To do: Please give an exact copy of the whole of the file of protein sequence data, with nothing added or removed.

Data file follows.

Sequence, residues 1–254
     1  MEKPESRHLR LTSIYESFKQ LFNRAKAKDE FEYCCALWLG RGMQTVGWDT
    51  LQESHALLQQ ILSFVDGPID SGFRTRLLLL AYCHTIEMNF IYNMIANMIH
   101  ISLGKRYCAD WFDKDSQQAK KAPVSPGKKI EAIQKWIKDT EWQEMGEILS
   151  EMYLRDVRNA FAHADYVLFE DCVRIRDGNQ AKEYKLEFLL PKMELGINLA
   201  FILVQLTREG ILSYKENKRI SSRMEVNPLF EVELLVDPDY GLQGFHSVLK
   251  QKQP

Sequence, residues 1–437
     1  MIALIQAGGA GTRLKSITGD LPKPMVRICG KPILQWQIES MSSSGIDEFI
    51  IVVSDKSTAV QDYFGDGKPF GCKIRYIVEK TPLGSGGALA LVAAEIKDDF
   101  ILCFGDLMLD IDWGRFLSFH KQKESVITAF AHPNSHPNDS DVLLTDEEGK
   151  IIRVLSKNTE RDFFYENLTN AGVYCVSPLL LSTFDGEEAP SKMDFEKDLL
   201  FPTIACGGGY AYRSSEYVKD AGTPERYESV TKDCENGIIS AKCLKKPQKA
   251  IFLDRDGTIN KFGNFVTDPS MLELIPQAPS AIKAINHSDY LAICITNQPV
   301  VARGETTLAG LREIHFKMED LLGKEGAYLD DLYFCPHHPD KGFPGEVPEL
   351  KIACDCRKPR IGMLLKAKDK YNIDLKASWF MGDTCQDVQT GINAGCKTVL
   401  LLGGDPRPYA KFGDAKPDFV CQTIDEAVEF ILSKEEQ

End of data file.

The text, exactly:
Sequence, residues 1–254
     1  MEKPESRHLR LTSIYESFKQ LFNRAKAKDE FEYCCALWLG RGMQTVGWDT
    51  LQESHALLQQ ILSFVDGPID SGFRTRLLLL AYCHTIEMNF IYNMIANMIH
   101  ISLGKRYCAD WFDKDSQQAK KAPVSPGKKI EAIQKWIKDT EWQEMGEILS
   151  EMYLRDVRNA FAHADYVLFE DCVRIRDGNQ AKEYKLEFLL PKMELGINLA
   201  FILVQLTREG ILSYKENKRI SSRMEVNPLF EVELLVDPDY GLQGFHSVLK
   251  QKQP

Sequence, residues 1–437
     1  MIALIQAGGA GTRLKSITGD LPKPMVRICG KPILQWQIES MSSSGIDEFI
    51  IVVSDKSTAV QDYFGDGKPF GCKIRYIVEK TPLGSGGALA LVAAEIKDDF
   101  ILCFGDLMLD IDWGRFLSFH KQKESVITAF AHPNSHPNDS DVLLTDEEGK
   151  IIRVLSKNTE RDFFYENLTN AGVYCVSPLL LSTFDGEEAP SKMDFEKDLL
   201  FPTIACGGGY AYRSSEYVKD AGTPERYESV TKDCENGIIS AKCLKKPQKA
   251  IFLDRDGTIN KFGNFVTDPS MLELIPQAPS AIKAINHSDY LAICITNQPV
   301  VARGETTLAG LREIHFKMED LLGKEGAYLD DLYFCPHHPD KGFPGEVPEL
   351  KIACDCRKPR IGMLLKAKDK YNIDLKASWF MGDTCQDVQT GINAGCKTVL
   401  LLGGDPRPYA KFGDAKPDFV CQTIDEAVEF ILSKEEQ